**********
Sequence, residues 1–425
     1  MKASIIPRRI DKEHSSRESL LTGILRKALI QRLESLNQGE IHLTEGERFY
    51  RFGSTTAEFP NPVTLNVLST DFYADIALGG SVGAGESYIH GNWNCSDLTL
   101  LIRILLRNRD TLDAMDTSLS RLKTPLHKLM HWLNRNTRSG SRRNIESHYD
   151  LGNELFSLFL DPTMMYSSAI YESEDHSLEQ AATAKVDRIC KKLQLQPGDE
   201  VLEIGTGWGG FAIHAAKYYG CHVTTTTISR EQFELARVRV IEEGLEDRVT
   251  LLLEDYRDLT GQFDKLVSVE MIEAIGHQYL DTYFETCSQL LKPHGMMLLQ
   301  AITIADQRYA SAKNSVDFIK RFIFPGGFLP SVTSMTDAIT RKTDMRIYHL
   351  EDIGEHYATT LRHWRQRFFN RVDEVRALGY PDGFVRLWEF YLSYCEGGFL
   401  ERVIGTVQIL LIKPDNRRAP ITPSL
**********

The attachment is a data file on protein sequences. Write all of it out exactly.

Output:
Sequence, residues 1–425
     1  MKASIIPRRI DKEHSSRESL LTGILRKALI QRLESLNQGE IHLTEGERFY
    51  RFGSTTAEFP NPVTLNVLST DFYADIALGG SVGAGESYIH GNWNCSDLTL
   101  LIRILLRNRD TLDAMDTSLS RLKTPLHKLM HWLNRNTRSG SRRNIESHYD
   151  LGNELFSLFL DPTMMYSSAI YESEDHSLEQ AATAKVDRIC KKLQLQPGDE
   201  VLEIGTGWGG FAIHAAKYYG CHVTTTTISR EQFELARVRV IEEGLEDRVT
   251  LLLEDYRDLT GQFDKLVSVE MIEAIGHQYL DTYFETCSQL LKPHGMMLLQ
   301  AITIADQRYA SAKNSVDFIK RFIFPGGFLP SVTSMTDAIT RKTDMRIYHL
   351  EDIGEHYATT LRHWRQRFFN RVDEVRALGY PDGFVRLWEF YLSYCEGGFL
   401  ERVIGTVQIL LIKPDNRRAP ITPSL